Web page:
Social media is worth the time

Experts weigh the effort versus client growth associated with online activity

May 14, 2014 @ 10:32 am

By Carl O'Donnell

Tired of relying solely on clients for referrals, but not sure how else to build your business? Internet-savvy advisers are increasingly kick-starting growth using social media.

Three social media mavens convened Wednesday for an InvestmentNews webcast to discuss how to use these online tools to build a client base without expending too much valuable time.

“If you don't have a rock-solid marketing plan, social media won't help you,” said David Edwards, president of Heron Financial Group. “If you do, it can really be a force multiplier.”

The most important thing for advisers to understand is that social media doesn't have to be “a huge time suck,” he said.

It's true that social media has a steep learning curve, and that familiarizing yourself with the technologies might require an upfront investment of time, Mr. Edwards said. However, once an adviser develops a basic competency and a sound strategy, there is no reason why social media should require more than 30 minutes a week, he said.

“I talk to so many advisers who say they would do social media but they just don't have the time,” said Stephanie Sammons, founder and chief executive of Wired Advisor. “I think if someone says that, it means they just aren't fully appreciating the value of social media.”

The success Mary Beth Storjohann, founder of Workable Wealth, has experienced is an example of that value. Thanks to social media, she has positioned herself as a voice in financial planning for Generation Y, connecting her with numerous other professionals, members of the media and potential clients. The payoff has been substantial: Her online presence has become a significant source of leads.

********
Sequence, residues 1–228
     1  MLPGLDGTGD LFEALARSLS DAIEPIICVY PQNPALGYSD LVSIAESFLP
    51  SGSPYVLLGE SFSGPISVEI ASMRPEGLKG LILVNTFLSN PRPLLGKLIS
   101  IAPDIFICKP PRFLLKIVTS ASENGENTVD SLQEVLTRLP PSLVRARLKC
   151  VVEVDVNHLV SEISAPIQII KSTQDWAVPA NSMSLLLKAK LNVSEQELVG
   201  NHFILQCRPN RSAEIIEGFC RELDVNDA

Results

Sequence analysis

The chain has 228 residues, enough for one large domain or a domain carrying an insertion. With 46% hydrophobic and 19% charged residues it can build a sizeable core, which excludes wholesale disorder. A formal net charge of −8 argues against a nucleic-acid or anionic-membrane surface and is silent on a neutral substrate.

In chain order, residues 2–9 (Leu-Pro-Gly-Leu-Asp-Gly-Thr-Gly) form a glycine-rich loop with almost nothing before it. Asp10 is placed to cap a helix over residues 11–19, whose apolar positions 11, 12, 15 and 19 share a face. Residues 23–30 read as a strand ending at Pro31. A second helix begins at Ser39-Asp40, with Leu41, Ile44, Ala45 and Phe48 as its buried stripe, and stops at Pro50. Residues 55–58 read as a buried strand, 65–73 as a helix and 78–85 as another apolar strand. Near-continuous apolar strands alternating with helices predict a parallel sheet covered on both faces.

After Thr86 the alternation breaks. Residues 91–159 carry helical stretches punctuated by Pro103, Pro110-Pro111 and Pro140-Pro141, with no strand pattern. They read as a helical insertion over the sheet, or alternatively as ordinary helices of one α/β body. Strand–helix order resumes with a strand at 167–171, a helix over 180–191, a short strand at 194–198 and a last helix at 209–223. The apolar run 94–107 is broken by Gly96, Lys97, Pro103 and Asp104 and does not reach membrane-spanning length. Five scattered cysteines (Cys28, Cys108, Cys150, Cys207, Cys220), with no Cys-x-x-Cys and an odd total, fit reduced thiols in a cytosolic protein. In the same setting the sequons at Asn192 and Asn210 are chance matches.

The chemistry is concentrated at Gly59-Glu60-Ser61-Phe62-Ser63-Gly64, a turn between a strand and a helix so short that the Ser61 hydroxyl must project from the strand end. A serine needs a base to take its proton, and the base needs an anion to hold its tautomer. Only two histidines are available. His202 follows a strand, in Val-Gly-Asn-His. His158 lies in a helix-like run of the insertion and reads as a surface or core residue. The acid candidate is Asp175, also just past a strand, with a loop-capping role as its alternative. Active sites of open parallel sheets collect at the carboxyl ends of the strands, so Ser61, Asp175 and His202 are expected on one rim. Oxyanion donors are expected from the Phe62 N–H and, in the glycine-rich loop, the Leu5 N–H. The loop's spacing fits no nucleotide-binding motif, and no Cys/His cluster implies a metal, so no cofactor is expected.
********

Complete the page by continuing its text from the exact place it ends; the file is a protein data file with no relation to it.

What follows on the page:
Ms. Storjohann is able to generate a constant stream of content without taking too much time out of her day. She hired a consultant to create an editorial calendar that charts out her content strategy for the whole year. Typically, this requires her to write her own blog post each month. In the interim, she shares content written by others that is valuable to her audience.

The most critical tool for ensuring time is well spent is a solid metric for measuring success, Mr. Edwards said. Simply accumulating a multiplicity of followers doesn't necessarily add value to a business. Instead, advisers should focus on metrics that matter, such as how many potential clients are paying increased attention to your advisory firm, he said.

Ms. Storjohann, for example, pays special attention to how many members of Gen Y subscribe to her newsletter.

“It's easy to get caught up in attracting followers and connections,” Ms. Sammons said. “But what really matters is whether people are taking steps to actually build a relationship with your practice.”Neesha Hathi of Schwab Advisor Services on using social media for client prospecting


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